A crew transfer vessel operator that has played a key role in Grimsby’s emergence as the leading offshore wind cluster has revealed a zero emissions concept.
Tidal Transit has worked with leading developers from the port for a decade, embracing recent clean maritime initiatives as those in the industry look at the carbon footprint across all elements. It is now bringing forward specifications for its Real Hybrid CTV.
The company said experience of working for the likes of Orsted, Equinor, RWE, Siemens Gamesa, Vestas and SSE has been used in the development - based on a 27-metre Capilano hull. Power is primarily delivered from modular battery packs, along with generator sets. It will carry between 12 to 24 passengers, up to four 10 ft containers, as well as providing above deck marine crew accommodation.
Leo Hambro, Tidal Transit's commercial director, said: “With just a 14 to 16 month vessel lead time, I think the timing of our announcement is spot-on! Our market intelligence indicates that the demand for low emissions vessels is likely to undergo rapid expansion over the next few years as offshore wind farm developers and operators seek to minimise carbon emissions from their marine activities.
"Other low emissions vessels claim reductions of emissions by up to 30 per cent, but depending upon the distance of the wind farm from shore, and the working hours operational profile, our zero emission ready Real Hybrid CTV can be a zero emissions vessel.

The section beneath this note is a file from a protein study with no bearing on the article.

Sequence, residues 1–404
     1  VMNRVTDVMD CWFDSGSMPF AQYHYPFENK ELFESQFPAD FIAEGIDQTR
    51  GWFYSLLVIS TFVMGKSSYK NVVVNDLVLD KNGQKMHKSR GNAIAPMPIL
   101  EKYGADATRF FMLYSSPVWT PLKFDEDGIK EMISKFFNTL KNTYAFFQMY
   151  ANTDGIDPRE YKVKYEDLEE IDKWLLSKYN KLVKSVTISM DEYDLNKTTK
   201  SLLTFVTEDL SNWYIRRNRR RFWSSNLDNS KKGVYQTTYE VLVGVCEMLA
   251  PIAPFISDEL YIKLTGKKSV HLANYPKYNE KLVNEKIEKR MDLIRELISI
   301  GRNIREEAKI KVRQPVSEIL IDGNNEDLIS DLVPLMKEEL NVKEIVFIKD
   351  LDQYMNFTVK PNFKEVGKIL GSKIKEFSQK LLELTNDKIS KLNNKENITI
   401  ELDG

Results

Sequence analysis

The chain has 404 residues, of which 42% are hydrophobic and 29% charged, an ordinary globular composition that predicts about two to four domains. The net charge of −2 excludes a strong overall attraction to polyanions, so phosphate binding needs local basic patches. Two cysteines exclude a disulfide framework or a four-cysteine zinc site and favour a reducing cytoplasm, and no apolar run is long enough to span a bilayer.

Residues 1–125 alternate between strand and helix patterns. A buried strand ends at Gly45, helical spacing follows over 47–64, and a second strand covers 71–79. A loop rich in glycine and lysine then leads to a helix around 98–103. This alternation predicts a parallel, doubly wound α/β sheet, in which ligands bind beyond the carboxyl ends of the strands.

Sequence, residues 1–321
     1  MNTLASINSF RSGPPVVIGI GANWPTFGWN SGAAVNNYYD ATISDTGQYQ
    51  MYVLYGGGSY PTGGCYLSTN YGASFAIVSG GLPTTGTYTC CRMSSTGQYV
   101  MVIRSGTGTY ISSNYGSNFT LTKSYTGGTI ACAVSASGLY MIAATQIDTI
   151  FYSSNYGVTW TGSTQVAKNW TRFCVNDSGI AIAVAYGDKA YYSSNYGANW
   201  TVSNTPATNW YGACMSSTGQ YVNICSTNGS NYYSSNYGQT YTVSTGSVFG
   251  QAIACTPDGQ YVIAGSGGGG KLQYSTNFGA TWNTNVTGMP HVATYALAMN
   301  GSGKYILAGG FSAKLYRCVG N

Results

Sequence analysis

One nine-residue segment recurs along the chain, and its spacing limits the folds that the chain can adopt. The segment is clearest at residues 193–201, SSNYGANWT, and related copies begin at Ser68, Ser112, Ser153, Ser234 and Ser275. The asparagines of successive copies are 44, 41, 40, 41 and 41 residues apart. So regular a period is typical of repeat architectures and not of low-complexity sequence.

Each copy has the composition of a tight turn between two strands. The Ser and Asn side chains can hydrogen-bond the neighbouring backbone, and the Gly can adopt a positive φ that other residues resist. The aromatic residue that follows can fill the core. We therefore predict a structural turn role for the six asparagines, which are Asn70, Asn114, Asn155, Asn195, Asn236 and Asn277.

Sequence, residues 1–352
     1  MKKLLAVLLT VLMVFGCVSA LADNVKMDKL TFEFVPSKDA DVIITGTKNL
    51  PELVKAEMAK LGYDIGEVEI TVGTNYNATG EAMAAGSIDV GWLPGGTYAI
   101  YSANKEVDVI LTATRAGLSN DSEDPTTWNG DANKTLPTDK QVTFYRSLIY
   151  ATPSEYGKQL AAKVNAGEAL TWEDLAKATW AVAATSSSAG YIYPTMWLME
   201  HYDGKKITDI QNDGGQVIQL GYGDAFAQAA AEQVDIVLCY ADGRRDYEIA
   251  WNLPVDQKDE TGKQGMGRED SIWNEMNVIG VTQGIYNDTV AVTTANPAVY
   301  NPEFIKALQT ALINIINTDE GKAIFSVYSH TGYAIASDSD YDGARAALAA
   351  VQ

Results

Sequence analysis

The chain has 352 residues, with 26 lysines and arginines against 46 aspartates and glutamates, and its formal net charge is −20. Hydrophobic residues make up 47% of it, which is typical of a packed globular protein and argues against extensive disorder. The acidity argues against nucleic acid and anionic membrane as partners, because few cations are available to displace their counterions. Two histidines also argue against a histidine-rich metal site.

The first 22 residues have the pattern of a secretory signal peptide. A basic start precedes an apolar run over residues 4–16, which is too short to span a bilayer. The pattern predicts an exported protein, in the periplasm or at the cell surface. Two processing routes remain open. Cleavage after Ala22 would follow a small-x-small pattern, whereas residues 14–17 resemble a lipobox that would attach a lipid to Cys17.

“Offshore wind’s largest carbon footprint annually is the logistics of servicing the turbines. Our solution not only reduces, and in some cases eliminates, this footprint, but also increases the yield from the turbines by being able to use the electricity from source with zero transmission, substation or grid loss. Depending on the wind farm, the electricity may also be able to be taken pre-meter, making it as close to free as possible."
Headquartered in Norfolk, Tidal Transit has operated from Grimsby from its infancy, christening and showcasing vessels in the port. First contracts saw the company supporting meteorological mast data retrieval from future wind farm zones now built out, with the firm’s first three vessels all first chartered in the town.
Mr Hambro said the MJR Power & Automation offshore battery charging solution is now deliverable, with shoreside charging solutions becoming available across marinas, with ever-increasing power ratings.
“With these developments in infrastructure combined with the right hull form, power packs and propulsion systems, zero emissions offshore wind servicing has become a reality, without the inefficiency of producing, transporting and storing energy intensive green fuels,” Mr Hambro said.
Desktop analysis of real-world operating profiles for multiple sites has shown that the hybrid can save thousands of litres of diesel daily without compromising speed or time in the field. Comparisons have been made against Tidal Transit's existing fuel-efficient fleet along with other similar sized vessels. Even without offshore charging in place many sites in the analysis show a 50 per cent saving in diesel usage. When considering 24 hour operations for sites far from shore, where the vessel stays in the field for up to a fortnight, savings become even greater.
“Several sites off the UK East Coast would be able to save 30,000 litres of diesel or 80 tons of CO2 each fortnight,” Mr Hambro said.
Tidal Transit has now started to hold vessel concept presentations and briefings within the offshore renewable energy industry and the wider marine sector. "The feedback from our initial briefings indicates that the capabilities and specification of our ZE Ready Hybrid CTV concept exceeds the industry's present expectations,” he added.